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Air Pollution Contributes to Health Disparities

CardioSmart News

While the driving forces behind health disparities are complex, a recent study suggests air pollution is one factor that contributes to increased heart risks among black adults.

Published in the American Heart Association journal Arteriosclerosis, Thrombosis, and Vascular Biology, this study explored the association between air pollution and heart risks in blacks.

Air pollution is known to increase risk for heart disease—the leading cause of death in U.S. adults. Since blacks are at greater risk for heart disease than whites, experts wondered if air pollution could be in part to blame for this health disparity.

To learn more, researchers analyzed data from the HeartSCORE study, which assesses racial disparities in cardiovascular risk. The study included 1,717 middle-aged adults from Pittsburgh, PA, all of which completed annual health exams for roughly eight years.

Nearly half of participants were black and two-thirds were women.

Researchers used participants’ home addresses to estimate their exposure to air pollution. After analysis, they found that blacks had both higher exposure to air pollution and higher risk for heart disease compared to whites.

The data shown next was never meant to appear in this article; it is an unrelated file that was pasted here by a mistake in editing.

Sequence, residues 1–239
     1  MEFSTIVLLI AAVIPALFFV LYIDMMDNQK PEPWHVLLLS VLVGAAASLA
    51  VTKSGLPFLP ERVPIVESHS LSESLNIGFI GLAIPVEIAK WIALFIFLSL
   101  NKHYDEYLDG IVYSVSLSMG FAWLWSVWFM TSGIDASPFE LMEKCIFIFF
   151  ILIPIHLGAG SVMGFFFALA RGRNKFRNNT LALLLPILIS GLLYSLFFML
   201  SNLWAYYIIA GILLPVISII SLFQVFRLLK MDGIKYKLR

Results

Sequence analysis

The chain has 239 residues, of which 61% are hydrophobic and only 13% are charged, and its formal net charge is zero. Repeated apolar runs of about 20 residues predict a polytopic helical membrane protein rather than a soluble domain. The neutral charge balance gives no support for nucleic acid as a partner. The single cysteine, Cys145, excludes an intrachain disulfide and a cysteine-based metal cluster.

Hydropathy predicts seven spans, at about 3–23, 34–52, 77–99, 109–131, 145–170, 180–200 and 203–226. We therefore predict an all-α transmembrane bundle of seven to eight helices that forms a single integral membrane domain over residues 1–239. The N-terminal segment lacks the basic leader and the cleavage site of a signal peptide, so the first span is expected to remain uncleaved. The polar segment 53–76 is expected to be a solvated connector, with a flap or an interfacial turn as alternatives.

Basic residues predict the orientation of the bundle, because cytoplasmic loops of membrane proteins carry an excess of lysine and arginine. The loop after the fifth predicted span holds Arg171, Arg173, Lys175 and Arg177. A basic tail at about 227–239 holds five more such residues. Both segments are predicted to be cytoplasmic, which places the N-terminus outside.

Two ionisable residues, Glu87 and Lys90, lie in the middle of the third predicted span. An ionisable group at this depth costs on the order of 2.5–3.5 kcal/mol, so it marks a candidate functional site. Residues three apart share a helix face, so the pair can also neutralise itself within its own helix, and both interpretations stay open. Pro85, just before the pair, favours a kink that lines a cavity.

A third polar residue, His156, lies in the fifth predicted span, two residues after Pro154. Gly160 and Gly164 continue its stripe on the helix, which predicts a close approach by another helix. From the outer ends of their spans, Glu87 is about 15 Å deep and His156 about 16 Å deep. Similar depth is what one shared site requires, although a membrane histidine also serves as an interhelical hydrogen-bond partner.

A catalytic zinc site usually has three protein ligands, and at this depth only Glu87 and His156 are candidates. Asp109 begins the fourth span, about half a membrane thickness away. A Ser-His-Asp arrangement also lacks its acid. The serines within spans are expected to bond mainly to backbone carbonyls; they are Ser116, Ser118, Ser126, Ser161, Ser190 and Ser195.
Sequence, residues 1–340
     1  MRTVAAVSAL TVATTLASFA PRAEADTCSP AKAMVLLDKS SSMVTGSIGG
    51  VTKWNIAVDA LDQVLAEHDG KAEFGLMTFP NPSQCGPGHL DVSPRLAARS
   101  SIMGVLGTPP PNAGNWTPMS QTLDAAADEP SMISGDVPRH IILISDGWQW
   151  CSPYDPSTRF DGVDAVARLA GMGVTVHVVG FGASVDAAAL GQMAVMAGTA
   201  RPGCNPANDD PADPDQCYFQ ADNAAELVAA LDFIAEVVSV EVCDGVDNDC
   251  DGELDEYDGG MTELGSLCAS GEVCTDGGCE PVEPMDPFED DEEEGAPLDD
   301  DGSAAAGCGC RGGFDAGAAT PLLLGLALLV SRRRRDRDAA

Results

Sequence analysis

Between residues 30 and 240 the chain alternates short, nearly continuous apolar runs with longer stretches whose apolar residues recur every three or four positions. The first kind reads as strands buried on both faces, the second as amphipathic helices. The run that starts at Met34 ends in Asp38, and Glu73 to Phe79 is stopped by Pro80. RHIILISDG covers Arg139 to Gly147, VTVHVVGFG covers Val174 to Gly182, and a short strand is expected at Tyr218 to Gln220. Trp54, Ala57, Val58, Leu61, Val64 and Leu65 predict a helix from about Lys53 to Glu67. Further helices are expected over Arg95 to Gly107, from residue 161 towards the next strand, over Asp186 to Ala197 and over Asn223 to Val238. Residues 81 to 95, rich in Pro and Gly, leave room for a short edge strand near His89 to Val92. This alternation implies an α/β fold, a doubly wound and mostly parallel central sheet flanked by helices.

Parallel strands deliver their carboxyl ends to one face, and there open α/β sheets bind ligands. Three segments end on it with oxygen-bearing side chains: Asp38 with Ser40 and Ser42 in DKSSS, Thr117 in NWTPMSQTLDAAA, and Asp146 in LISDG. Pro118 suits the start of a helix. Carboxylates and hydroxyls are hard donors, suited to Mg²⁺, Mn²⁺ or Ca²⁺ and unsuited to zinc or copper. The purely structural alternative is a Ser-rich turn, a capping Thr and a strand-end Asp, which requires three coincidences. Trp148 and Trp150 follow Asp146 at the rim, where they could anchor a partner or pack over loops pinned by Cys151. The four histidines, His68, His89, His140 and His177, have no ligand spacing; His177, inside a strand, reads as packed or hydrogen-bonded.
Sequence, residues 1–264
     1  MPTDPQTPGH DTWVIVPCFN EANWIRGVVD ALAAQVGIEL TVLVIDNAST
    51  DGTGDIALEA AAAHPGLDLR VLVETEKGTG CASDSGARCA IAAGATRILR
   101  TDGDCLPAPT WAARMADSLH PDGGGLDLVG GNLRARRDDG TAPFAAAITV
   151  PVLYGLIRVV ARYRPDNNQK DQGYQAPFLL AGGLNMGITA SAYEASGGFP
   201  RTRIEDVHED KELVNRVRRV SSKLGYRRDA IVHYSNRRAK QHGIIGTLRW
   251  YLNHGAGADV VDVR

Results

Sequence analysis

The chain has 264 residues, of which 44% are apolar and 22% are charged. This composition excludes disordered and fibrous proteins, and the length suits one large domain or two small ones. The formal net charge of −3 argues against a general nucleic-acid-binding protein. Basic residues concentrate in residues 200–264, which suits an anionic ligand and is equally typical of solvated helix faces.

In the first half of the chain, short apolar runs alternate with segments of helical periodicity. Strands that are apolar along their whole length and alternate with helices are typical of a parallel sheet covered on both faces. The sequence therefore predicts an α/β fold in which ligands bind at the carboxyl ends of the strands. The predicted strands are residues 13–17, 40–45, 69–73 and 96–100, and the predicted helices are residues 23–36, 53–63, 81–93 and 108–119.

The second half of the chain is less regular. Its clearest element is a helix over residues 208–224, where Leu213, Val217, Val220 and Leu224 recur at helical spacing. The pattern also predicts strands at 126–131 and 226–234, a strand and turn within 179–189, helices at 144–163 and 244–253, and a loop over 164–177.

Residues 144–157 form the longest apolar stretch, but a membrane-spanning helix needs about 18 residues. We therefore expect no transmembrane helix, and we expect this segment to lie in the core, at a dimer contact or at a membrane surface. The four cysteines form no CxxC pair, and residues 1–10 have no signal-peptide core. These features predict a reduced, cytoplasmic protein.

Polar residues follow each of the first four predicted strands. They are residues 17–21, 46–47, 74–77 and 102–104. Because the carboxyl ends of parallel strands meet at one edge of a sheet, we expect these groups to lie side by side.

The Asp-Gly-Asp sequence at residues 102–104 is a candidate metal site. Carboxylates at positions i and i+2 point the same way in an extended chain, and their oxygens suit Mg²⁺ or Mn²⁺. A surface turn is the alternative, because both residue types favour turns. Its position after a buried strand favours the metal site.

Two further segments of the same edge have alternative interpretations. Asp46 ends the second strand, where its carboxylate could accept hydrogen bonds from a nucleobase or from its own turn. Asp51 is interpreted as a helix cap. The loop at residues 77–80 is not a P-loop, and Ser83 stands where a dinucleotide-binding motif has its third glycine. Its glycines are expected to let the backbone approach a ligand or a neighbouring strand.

Overall, blacks had greater exposure to fine particulate matter and black carbon, both of which are dangerous forms of air pollution. Increased exposure to fine particulate matter was associated with higher blood sugar and poorer arterial function. After analysis, researchers found that blacks had 45% greater risk for heart events and death than whites.

Analysis showed that part of the increased heart risks were due to higher exposure to air pollution. However, air pollution only explained part of this association, suggesting other factors also contribute to increased cardiovascular risk.

According to authors, findings confirm the negative effects of air pollution on heart health. Studies continue to show that long-term exposure to air pollution can worsen or even trigger heart conditions. Experts encourage the public to limit exposure to air pollution when possible to avoid negative health effects.

On an even broader level, however, findings show how complex the causes of health disparities can be. Health disparities are likely caused by a number of factors, such as income, education, and access to health care. In this study, where people live and their exposure to air pollution is one of many factors influencing risk for heart disease.

Unfortunately, that also means addressing health disparities is complex, since there is no single cause. Still, experts hope with future research, we can better understand the driving forces behind health disparities and develop ways to address them.


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